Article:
Thanks to the hard work of the planning committee, Upson County has a new Hazard Mitigation Plan in place. The document, which outlines plans for the county should any natural or man-made disasters occur, has to be updated every five years and the planning committee has been working since February to update the plan. The Hazard Mitigation Plan has been approved by GEMA (Georgia Emergency Management Association) and the Board of Commissioners and will now go to FEMA (Federal Emergency Management Association) for final approval. The county should hear back from FEMA in about 45 days.
Upson EMA Director Martha Anne McCarty has worked hand in hand with consultant Katy Westbrook of Lux Mitigation and Planning Corporation and the planning committee to have everything in working order. She stated the plan that was in place was a good one, thanks to the hard work of former EMA Director Billy Mitcham. McCarty noted the plan is now in digital form and will become a living document that will be updated on a yearly basis so that in five years when it has to be revised again, it will be a seamless process. She went on to say just how important this plan is to the community and thanked everyone who worked on it.
“Without this plan in place and approved on the local, state and federal level, grants would be non-existent,” said McCarty. “We know how often grants affect so much of what we do. This is a very important document and we are glad we had such good input on it.”
A large portion of the plan is made up of mitigation strategies, which are things that can be done to lessen the blow if a disaster should occur in the area. Westbrook stated that nearly a quarter of the plan comes from the following strategies which are broken down into six sections: Prevention (31.7 percent); Property Protection (11 percent); Natural Resource Protection (2.4 percent); Structural Projects (9.8 percent); Emergency Services (23.2 percent) and Public Awareness (22 percent). She added that educating the public about what is available, how to protect themselves and how to be prepared is a very important component of the plan.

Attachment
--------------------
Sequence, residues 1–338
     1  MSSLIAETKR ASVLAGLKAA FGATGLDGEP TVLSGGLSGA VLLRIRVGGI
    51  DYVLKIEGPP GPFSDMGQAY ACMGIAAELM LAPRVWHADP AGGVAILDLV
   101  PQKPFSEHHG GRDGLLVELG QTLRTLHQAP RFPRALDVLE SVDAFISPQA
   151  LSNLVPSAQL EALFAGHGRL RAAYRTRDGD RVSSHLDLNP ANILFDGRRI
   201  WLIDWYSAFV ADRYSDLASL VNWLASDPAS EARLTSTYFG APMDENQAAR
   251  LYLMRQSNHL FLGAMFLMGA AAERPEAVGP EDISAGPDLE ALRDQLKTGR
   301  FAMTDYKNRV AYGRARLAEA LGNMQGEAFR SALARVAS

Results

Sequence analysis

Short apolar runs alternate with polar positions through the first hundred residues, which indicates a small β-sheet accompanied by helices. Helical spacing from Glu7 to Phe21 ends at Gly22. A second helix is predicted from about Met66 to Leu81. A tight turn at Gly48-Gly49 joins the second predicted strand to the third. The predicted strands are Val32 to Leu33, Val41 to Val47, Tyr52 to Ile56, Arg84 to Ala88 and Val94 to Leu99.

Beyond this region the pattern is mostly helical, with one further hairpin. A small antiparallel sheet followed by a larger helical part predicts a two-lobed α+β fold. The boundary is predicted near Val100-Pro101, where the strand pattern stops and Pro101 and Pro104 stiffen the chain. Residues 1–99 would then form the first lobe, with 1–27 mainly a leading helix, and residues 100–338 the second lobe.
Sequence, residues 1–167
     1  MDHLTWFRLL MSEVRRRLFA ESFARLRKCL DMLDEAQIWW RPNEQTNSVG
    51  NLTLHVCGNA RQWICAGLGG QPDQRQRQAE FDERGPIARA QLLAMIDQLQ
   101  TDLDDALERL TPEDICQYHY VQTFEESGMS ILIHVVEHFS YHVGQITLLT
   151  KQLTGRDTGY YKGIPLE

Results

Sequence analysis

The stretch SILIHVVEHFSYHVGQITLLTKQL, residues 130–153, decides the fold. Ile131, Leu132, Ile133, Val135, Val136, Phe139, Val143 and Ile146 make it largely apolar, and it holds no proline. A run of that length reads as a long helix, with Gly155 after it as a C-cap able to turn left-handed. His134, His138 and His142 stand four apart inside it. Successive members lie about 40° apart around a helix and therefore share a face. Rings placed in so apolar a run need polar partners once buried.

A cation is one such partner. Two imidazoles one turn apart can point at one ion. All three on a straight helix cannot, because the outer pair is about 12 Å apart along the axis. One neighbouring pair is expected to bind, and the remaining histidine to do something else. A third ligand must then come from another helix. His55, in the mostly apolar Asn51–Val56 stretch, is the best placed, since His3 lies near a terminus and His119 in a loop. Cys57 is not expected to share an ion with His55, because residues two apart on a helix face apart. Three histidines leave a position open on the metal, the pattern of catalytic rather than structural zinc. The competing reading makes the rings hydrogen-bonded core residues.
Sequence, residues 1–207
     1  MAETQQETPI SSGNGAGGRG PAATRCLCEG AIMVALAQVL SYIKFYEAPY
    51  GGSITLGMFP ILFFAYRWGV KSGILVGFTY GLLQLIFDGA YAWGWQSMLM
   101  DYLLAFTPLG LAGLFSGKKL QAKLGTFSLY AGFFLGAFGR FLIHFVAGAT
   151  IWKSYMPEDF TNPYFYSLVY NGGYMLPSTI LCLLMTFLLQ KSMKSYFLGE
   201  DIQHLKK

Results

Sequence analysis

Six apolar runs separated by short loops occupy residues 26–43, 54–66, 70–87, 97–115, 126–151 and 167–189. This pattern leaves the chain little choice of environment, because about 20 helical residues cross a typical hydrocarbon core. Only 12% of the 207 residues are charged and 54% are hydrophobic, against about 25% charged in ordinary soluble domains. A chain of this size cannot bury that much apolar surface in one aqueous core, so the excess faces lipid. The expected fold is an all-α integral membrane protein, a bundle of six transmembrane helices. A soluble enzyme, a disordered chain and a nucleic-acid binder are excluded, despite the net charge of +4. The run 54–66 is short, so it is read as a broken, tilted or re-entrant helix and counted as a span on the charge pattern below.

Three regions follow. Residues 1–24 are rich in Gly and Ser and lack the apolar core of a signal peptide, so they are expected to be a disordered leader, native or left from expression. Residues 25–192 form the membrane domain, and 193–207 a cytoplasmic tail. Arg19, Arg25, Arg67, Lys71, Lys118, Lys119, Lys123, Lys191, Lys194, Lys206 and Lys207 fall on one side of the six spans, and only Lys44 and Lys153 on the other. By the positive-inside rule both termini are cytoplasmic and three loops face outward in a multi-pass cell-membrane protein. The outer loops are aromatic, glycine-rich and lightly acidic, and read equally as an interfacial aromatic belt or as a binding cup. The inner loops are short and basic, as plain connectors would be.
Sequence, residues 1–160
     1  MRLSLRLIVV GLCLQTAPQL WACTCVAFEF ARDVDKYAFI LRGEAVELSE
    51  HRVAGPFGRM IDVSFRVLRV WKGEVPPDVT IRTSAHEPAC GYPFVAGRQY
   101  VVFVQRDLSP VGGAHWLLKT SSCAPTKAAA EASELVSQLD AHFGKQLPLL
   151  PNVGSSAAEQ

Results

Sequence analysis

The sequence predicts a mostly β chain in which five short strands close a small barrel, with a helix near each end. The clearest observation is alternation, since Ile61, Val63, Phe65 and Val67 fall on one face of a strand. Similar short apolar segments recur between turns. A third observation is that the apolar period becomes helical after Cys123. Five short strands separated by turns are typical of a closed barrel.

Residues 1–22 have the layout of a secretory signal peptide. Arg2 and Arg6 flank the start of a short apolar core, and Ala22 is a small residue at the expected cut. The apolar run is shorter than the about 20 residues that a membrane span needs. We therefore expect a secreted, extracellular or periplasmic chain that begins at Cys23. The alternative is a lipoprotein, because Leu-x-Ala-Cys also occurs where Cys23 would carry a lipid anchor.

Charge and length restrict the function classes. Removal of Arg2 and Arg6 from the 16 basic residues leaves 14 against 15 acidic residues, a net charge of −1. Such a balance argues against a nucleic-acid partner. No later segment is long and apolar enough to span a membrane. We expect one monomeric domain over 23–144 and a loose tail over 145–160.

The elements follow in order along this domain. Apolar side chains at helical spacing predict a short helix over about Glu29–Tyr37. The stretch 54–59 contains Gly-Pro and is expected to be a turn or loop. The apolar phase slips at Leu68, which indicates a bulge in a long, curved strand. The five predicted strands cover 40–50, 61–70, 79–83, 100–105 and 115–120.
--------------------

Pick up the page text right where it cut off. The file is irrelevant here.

Other small changes were made to the plan for things such as natural disasters. The plan already had flooding, tornados, drought, severe winter weather and thunderstorms. Hurricane winds were changed to tropical cyclones to be more inclusive and earthquakes were added. Westbrook stated that FEMA only looks at natural disasters and does not consider technological or man-made hazards when distributing aid. However, since the document could be used as a supporting document for grant opportunities that may arise, transportation incidents (air, rail and highway), terrorism and dam failure were added to the list. The plan already listed hazardous material incident under the man-made hazard list.
Westbrook also stated the plan outlines what is considered critical infrastructure, meaning things that the county cannot do without. She stated this lists things such as water tanks, wastewater treatment facilities and how to keep them running in the event of a disaster.
McCarty stated Upson County received a grant to do the project, however there is still a 75-15-10 match for federal, local and state funds. Thanks to the individuals who worked on the planning committee they have been able to put a cost to the amount of volunteers and can use that to significantly reduce the percent of funds needed for a match to the grant for the county.
At the close of the presentation, Commissioner Steve Hudson made a motion to approve the Hazard Mitigation Plan, and a second came from Commissioner Ralph Ellington. The board unanimously approved the document and Commission Chairman Rusty Blackston thanked McCarty and the rest of the planning committee for all of their hard work.
Ashley Biles can be reached by calling 706-647-5414 or on Twitter @AshleyBiles1